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© 2021, V10.4

The source code of all applications is included in the JGameGrid distribution.


The game consists of a 5 by 5 grid of lights; when the game starts, a set of these lights (random, or one of a set of stored puzzle patterns) are switched on. Pressing one of the lights will toggle it and the four lights adjacent to it on and off. (Diagonal neighbours are not affected.) The game provides a puzzle: to switch all the lights off, preferably in as few button presses as possible.

Lights Out was invented by a group of people consisting of Avi Olti, Gyora Benedek, Zvi Herman, Revital Bloomberg, Avi Weiner and Michael Ganor.

The game involves toggling lights on and off. If a light is on, it must be toggled an odd number of times to be turned off. If a light is off, it must be toggled an even number of times (including not being toggled at all) for it to remain off. A successful solution is therefore a sequence of presses that toggles all the "on" lights an odd number of times and all the "off" lights an even number of times.

Two points may be noted:

  • The order in which the lights are pressed does not matter. The end result of pressing a given set of lights is always that each light has been toggled a certain number of times

  • Each light needs to be pressed no more than once. Note that pressing a light twice is equivalent to not pressing it at all. Since the order in which the lights are pressed does not matter, a sequence in which one light is pressed twice is equivalent to the same sequence with those two presses removed. Hence, the most efficient method of solving any puzzle (one that uses the minimum number of moves) is one in which no light is pressed more than once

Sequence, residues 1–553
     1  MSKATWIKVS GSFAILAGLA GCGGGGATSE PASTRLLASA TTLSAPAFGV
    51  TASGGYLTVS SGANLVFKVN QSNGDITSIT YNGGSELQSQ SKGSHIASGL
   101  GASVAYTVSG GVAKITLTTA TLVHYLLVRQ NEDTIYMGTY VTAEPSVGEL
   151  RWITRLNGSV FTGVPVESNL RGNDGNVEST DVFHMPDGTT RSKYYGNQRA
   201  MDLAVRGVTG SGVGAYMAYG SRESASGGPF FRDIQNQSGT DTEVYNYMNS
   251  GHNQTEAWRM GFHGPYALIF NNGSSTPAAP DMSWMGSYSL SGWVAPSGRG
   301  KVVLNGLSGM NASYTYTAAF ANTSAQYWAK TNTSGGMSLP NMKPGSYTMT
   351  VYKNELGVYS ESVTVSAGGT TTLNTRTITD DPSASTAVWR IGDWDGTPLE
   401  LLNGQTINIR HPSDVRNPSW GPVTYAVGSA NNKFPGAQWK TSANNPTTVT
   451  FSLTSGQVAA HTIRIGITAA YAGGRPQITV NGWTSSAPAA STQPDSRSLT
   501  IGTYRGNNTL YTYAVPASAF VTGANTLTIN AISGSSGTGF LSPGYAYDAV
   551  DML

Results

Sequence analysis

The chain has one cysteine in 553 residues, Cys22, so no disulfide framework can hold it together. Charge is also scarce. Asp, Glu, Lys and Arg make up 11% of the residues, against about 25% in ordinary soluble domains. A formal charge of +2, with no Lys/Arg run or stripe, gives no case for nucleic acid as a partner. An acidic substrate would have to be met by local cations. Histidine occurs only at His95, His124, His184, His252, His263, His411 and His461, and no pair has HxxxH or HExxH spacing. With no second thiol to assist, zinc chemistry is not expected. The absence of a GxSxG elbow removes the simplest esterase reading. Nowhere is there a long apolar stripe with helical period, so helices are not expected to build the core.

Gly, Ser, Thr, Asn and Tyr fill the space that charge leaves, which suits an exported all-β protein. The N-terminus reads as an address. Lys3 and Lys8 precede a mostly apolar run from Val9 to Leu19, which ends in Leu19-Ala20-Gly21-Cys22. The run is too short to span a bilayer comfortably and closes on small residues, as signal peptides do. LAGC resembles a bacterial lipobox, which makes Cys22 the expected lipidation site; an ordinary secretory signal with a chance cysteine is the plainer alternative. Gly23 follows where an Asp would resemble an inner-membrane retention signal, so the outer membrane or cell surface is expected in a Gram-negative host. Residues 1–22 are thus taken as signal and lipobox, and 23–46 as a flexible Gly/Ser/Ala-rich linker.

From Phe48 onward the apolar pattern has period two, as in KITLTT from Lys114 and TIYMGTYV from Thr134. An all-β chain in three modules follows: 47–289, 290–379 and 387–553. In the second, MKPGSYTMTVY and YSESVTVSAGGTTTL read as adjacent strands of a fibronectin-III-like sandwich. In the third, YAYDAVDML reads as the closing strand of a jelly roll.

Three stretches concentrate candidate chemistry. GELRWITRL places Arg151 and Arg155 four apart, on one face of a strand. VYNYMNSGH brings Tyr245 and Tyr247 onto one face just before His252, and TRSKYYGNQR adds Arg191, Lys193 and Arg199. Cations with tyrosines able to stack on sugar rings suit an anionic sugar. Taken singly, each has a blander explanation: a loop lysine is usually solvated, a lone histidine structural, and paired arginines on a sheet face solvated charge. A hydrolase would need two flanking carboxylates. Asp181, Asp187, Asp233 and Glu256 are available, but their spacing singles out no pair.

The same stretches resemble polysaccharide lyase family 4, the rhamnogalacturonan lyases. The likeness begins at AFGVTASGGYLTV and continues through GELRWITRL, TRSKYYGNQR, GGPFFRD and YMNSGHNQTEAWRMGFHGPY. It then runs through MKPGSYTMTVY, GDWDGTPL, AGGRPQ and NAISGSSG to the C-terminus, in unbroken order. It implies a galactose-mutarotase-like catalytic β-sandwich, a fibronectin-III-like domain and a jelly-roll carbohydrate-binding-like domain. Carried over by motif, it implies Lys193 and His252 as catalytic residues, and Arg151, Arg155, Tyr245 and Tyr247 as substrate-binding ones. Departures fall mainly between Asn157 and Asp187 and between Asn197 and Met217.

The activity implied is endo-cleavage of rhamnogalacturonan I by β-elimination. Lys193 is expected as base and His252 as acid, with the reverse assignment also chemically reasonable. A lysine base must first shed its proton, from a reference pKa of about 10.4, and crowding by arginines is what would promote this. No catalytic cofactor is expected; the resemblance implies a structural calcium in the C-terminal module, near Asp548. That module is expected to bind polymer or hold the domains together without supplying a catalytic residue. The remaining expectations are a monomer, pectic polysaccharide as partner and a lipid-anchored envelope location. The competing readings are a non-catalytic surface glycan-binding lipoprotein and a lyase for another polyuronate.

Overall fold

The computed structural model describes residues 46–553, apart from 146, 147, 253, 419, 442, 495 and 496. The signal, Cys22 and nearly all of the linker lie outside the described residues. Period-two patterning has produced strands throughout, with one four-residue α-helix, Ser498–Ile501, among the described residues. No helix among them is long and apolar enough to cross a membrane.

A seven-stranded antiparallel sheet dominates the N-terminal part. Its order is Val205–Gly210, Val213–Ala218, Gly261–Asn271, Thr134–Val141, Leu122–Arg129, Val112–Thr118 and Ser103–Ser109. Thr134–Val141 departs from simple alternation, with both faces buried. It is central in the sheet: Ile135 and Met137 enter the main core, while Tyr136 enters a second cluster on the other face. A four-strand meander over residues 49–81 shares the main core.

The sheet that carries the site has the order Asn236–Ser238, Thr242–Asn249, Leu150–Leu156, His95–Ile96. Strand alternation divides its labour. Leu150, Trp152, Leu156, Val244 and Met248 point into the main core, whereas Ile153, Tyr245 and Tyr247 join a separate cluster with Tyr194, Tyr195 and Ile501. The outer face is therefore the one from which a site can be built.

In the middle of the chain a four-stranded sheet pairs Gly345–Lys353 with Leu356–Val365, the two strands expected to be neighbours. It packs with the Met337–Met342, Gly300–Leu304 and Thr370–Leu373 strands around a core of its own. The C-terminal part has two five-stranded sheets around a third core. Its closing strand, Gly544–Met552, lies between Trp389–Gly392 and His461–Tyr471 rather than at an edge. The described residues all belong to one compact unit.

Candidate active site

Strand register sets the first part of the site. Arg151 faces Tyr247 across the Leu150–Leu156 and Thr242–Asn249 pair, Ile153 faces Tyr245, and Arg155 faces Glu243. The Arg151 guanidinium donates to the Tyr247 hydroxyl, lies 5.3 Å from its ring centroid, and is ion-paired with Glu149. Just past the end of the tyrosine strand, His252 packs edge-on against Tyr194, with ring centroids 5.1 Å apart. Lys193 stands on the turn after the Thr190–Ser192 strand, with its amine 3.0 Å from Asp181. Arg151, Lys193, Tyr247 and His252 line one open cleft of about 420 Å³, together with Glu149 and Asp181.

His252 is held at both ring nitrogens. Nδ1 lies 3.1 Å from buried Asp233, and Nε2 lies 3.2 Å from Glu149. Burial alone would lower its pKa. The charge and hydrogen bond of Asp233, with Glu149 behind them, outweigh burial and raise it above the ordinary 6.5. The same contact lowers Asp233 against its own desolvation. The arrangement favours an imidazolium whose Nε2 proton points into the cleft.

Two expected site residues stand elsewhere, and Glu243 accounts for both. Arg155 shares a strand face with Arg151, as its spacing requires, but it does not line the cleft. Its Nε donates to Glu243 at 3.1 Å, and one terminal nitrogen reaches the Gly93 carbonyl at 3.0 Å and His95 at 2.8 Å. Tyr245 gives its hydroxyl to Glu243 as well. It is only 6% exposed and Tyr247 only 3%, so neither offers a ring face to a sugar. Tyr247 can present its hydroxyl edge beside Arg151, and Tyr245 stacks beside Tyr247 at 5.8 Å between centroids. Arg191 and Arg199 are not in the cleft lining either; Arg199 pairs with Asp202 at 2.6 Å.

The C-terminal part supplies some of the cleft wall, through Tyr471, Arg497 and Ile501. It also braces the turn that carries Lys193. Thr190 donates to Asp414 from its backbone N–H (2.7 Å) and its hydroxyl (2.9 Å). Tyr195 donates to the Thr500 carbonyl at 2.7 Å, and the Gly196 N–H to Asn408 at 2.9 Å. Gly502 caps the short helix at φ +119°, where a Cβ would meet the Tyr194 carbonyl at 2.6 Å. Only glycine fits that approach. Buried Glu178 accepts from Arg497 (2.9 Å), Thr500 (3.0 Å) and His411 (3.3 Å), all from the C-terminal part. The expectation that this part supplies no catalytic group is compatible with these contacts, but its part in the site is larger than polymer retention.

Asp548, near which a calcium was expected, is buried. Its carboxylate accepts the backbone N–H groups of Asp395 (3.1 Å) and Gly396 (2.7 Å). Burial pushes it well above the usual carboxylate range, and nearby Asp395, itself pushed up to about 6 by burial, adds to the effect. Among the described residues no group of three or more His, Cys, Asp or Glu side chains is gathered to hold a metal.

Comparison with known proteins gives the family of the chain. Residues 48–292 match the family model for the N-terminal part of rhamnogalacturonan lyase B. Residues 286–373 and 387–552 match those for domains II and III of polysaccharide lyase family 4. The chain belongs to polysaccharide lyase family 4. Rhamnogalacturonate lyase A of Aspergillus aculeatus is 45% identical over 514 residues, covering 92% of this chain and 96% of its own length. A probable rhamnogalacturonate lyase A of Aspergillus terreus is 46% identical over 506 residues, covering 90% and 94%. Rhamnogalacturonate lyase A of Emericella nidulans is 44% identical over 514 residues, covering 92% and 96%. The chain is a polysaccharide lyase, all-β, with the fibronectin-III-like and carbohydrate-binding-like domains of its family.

Despite these results, in practice, given a random board setup, it will not be obvious what sequence will toggle the "on" and "off" lights the required number of times.

This example demonstrates that developing a full-fledged game that achieves professional standards with the JGameGrid framework reduces the programming effort an order of magnitude. Only rudimental knowledge of Java and a few lines of code are necessary to implement the game in its basic but already playable version. It is proven to be a problem that can be solved in an entry level programming course. We present here one of many possible solutions where an ArrayList is used (instead of considering the 8 neighbour cells explicitly). The two states of the lamps (off/on) are shown by using an actor with two sprite ids.

A GGMouseListener is registered to get the left press mouse event exclusively. Because the neighbour locations may be outside the grid (where getOneActorAt() returns null), isInGrid() is called to test for valid grid locations. The convenient method showNextSprite() runs through all sprite ids. Here it just toggles between id 0 and 1.

Aimport ch.aplu.jgamegrid.*;
import java.util.*;
import java.awt.*;

public class LightsOutLight extends GameGrid implements GGMouseListener
  public LightsOutLight()
    super(, false);
    for (int i = 0; i < 5; i++)
      for (int k = 0; k < 5; k++)
        Actor actor = new Actor("sprites/lightout.gif"2);
        addActor(actor, new Location(i, k));;
    addMouseListener(this, GGMouse.lPress);

  public boolean mouseEvent(GGMouse mouse)
    Location location = toLocationInGrid(mouse.getX(), mouse.getY());
    ArrayList<Location> locations = location.getNeighbourLocations(0.5);
    locations.add(new Location(location.x, location.y));
    for (Location loc : locations)
      if (isInGrid(loc))
        Actor a = getOneActorAt(loc);
    return true;

  public static void main(String[] args)
    new LightsOutLight();

Execute the program locally using WebStart.

The basic version may be extended step-by-step that gives enough challange for more advanced students. You may even include a solution finder like in the following program (the solution algorithm was presented by David Guichard, Whitman College, USA).



Execute the program locally using WebStart